Valery Lobanovskiy, who coached the Soviet Union and Ukraine national teams, has died aged 63.
Valery Lobanovskiy, the former national coach of the Soviet Union and Ukraine, has died aged 63.
Thirty years of success
The man who led FC Dynamo Kyiv to all of their successes in the past 30 years was at the helm of his native club until his death in the intensive care unit of Zaporizhzhya hospital on Monday.
Brief return to consciousness
Lobanovskiy was taken to hospital on 7 May, after collapsing in the final minutes of Dynamo’s match with FC Metalurh Zaporizhzhya. Diagnosed with a brain haemorrhage, he was unconscious for two days, as Ukraine’s best doctors were flown to Zapozizhzhya. But the coach only briefly returned to consciousness two days before his death, to speak to his wife.
Valeriy Lobanovskiy was born on 6 January 1939, in Kiev. By the time he was 18 he was playing as a striker for his native club, Dynamo. After seven years there, he switched to FC Chernomorets Odesa, and then, after three years, to FC Shakhtar Donetsk - thus appearing for all Ukraine’s best clubs at that time. In 257 USSR top-flight games, Lobanovskiy scored 71 goals, and won the Soviet Supreme League title in 1961 with Dynamo.
But it was not his career as a player that made his name legendary in the whole of the Soviet Union. Lobanovskiy was one of very few Soviet coaches to succeed in Europe, not only with the national team, but also - which was a rarity in the USSR - with a club.
'The football of the 21st century'
After taking over Dynamo in 1973, the coach took them to victories in the UEFA Cup Winners’ Cup in 1975 and 1986. With the Soviet national team, Lobanovskiy reached the final of EURO 88. It was then, in the second half of the 1980s, when a L'Equipe journalist first dubbed the game played by Lobanovskiy's teams, 'The football of the 21st century'.
The breakdown of the Soviet Union sent the great coach on a path followed by many of his compatriots. He left his native land to join the United Arab Emirates as a coach in 1990. Then, from 1994 to 1996, he coached Kuwait. It was not until 1997 that Lobanovskiy made his return to Ukraine to again implement his renowned coaching technology.
Taking charge of both Ukraine and Dynamo, Lobanovskiy quickly imposed his style, placing the emphasis on the athletic and physical aspects of football, and with a focus on the versatility of every player. That concept, based on scientific research back in Soviet times, was later admired by the likes of Marcello Lippi and Sven-Göran Eriksson.
Thirteen national championships
This approach, invented and perfected by Lobanovskiy and his assistants,helped Dynamo to eight Soviet Supreme League titles, five Ukrainian championships, six Soviet Cups, two Cup Winners’ Cups, the UEFA Super Cup in 1975 and the 1999 UEFA Champions League semi-finals.
Call for professionalism
Lobanovskiy was also one of the first coaches in the Soviet Union to speak up about the necessity of creating professional clubs. His teams resembled the western European way of organisation even in Soviet times, although with a twist - as players passed the word between themselves about how incredibly physically hard it was to be coached by Lobanovskiy.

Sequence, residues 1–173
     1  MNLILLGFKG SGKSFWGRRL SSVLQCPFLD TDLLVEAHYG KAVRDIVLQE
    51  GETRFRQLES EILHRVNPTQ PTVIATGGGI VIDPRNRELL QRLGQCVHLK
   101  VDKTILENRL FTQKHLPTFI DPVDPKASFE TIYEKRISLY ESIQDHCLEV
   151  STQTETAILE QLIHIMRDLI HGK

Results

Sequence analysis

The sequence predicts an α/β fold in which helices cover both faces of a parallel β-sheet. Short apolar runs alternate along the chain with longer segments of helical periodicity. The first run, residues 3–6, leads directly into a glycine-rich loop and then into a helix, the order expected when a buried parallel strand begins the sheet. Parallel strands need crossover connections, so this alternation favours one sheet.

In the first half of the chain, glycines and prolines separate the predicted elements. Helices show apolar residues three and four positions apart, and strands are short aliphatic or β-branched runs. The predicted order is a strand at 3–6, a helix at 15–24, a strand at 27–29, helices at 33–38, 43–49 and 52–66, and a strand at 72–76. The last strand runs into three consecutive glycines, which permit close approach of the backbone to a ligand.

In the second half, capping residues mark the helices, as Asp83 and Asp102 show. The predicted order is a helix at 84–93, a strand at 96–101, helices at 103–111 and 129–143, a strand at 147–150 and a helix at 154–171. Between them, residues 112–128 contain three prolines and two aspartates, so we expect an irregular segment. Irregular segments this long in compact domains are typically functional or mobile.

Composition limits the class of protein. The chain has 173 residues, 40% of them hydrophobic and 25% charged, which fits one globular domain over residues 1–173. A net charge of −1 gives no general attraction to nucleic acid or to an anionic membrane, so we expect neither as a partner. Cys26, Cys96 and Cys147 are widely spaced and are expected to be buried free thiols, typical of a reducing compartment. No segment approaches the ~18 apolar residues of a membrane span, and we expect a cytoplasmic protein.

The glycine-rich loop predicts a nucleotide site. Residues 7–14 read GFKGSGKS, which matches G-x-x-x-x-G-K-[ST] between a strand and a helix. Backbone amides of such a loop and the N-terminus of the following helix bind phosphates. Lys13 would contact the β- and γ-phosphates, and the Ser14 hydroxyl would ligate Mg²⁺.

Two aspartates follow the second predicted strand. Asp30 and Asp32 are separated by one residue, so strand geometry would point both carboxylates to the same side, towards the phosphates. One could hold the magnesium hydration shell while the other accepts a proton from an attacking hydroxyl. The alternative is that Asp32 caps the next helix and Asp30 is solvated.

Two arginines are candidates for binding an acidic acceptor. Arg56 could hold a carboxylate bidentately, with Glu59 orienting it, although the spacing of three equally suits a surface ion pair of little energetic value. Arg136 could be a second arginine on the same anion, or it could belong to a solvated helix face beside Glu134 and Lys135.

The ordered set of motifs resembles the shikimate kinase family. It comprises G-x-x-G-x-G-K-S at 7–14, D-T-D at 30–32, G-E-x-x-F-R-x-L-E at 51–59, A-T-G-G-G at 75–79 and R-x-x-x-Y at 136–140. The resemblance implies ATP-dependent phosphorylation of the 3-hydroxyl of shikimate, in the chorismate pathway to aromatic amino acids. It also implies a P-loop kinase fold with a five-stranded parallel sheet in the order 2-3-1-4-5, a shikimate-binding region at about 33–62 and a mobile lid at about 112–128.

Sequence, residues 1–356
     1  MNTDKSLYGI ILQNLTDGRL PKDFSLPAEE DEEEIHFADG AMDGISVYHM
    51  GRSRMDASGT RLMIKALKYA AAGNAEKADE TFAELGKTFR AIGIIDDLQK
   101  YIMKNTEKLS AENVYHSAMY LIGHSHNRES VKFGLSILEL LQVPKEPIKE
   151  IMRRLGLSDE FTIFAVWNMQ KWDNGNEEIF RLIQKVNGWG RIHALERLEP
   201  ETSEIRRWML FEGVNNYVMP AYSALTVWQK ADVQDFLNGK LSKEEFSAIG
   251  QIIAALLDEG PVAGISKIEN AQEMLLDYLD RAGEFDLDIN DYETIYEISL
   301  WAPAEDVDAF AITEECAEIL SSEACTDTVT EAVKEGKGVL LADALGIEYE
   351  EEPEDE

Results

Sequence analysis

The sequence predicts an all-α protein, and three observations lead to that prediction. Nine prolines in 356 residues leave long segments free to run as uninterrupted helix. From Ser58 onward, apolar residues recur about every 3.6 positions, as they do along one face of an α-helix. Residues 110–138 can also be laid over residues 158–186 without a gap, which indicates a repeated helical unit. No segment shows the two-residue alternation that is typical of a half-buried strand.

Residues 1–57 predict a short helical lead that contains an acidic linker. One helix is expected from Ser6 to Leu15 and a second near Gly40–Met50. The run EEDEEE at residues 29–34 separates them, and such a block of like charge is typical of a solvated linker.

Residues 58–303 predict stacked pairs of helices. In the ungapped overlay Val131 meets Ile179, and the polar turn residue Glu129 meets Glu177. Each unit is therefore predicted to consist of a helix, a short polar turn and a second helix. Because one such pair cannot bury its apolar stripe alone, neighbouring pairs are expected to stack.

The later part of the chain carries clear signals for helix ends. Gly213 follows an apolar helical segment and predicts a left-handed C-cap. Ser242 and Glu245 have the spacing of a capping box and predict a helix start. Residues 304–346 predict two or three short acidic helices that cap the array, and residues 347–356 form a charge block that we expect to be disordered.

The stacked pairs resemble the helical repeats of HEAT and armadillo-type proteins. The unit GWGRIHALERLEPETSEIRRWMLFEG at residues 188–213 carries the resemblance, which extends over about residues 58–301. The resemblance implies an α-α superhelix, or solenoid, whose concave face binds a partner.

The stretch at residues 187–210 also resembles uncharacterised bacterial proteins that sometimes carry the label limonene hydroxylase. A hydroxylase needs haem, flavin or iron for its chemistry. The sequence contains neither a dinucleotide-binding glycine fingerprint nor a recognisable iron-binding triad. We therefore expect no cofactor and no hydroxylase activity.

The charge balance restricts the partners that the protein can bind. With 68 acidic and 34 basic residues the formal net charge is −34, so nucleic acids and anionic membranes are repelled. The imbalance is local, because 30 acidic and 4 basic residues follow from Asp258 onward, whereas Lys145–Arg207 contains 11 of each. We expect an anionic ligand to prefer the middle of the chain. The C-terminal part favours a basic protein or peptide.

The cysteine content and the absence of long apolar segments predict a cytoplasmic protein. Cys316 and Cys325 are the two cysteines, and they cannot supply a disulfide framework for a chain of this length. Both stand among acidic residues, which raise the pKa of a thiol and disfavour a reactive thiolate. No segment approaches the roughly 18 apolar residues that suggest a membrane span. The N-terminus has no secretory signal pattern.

He was also dubbed a tyrant and a despot, feared by many players but respected by all. He gave brilliant careers to plenty, most notably those of European Player of the Year award-winners, Oleg Blokhin and Igor Belanov.
Inspiration to coaches
Lobanovskiy also leaves behind a whole generation of former players turned coaches, who continue to follow his coaching philosophies. Leonid Buryak, named by many as his most gifted apprentice, succeeded Lobanovskiy as Ukraine national coach. FC Metalist Kharkiv coach Mykhailo Fomenko, FC Alania Vladikavkaz's Volodymyr Muntyan, and Oleg Kuznetsov at FC Arsenal Kyiv all learned their trade under Lobanovskiy.
New Dyanmo coaches
Among others to come under Lobanosvkiy's wing were Pavlo Yakovenko, now in charge of the Ukrainian Under-17 team, and Andriy Bal of FC Vorskla Poltava. Lobanovskiy's assistants in his final season at Dynamo, Anatoliy Demianenko and Olexiy Mikhaylichenko, will now take charge at the Ukrainian champions.
Lobanovskiy, who had a poor health record, began to suffer seriously at the end of 2001. He first gave up his Ukraine job in favour of Buryak, and then could hardly attend a game when Dynamo played at the Commonwealth Cup in Moscow. Most recently, Lobanovskiy was advised to refrain from travelling to Stockholm, where he was to have been awarded with the UEFA Ruby Order of Merit.
Ukraine is now mourning its legendary coach, only referred to as 'The Master' after his death. The death, tragic itself, will also worry those in charge of Ukrainian football, as there still are questions to be answered. Is anybody in Ukraine capable of equalling Lobanovskiy in his coaching abilities? Will there ever be another coach who could lead club or country to such victories? And, of course, a question without an answer - why was The Master given only 63 years of life, no more?
Lobanovskiy's funeral has been arranged for Thursday 16 May at the Baykovoe cemetery, Kiev. He leaves behind a wife, Ada, a daughter, Svetlana, and a grandson, Bogdan.